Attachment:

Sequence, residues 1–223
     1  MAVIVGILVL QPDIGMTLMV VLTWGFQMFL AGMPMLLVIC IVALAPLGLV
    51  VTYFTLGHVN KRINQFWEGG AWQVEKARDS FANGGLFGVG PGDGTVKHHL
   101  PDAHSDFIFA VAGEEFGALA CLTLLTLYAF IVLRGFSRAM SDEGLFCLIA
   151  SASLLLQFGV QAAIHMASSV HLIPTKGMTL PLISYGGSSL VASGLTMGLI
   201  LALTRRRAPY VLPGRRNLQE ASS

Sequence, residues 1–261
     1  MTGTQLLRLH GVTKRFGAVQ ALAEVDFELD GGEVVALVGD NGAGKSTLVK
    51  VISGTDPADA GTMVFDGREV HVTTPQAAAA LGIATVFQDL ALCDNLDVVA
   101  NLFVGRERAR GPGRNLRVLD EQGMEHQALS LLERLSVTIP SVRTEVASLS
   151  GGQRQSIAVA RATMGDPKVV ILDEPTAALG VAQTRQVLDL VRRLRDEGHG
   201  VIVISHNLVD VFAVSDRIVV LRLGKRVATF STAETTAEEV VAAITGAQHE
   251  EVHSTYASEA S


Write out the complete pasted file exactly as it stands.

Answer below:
Sequence, residues 1–223
     1  MAVIVGILVL QPDIGMTLMV VLTWGFQMFL AGMPMLLVIC IVALAPLGLV
    51  VTYFTLGHVN KRINQFWEGG AWQVEKARDS FANGGLFGVG PGDGTVKHHL
   101  PDAHSDFIFA VAGEEFGALA CLTLLTLYAF IVLRGFSRAM SDEGLFCLIA
   151  SASLLLQFGV QAAIHMASSV HLIPTKGMTL PLISYGGSSL VASGLTMGLI
   201  LALTRRRAPY VLPGRRNLQE ASS

Sequence, residues 1–261
     1  MTGTQLLRLH GVTKRFGAVQ ALAEVDFELD GGEVVALVGD NGAGKSTLVK
    51  VISGTDPADA GTMVFDGREV HVTTPQAAAA LGIATVFQDL ALCDNLDVVA
   101  NLFVGRERAR GPGRNLRVLD EQGMEHQALS LLERLSVTIP SVRTEVASLS
   151  GGQRQSIAVA RATMGDPKVV ILDEPTAALG VAQTRQVLDL VRRLRDEGHG
   201  VIVISHNLVD VFAVSDRIVV LRLGKRVATF STAETTAEEV VAAITGAQHE
   251  EVHSTYASEA S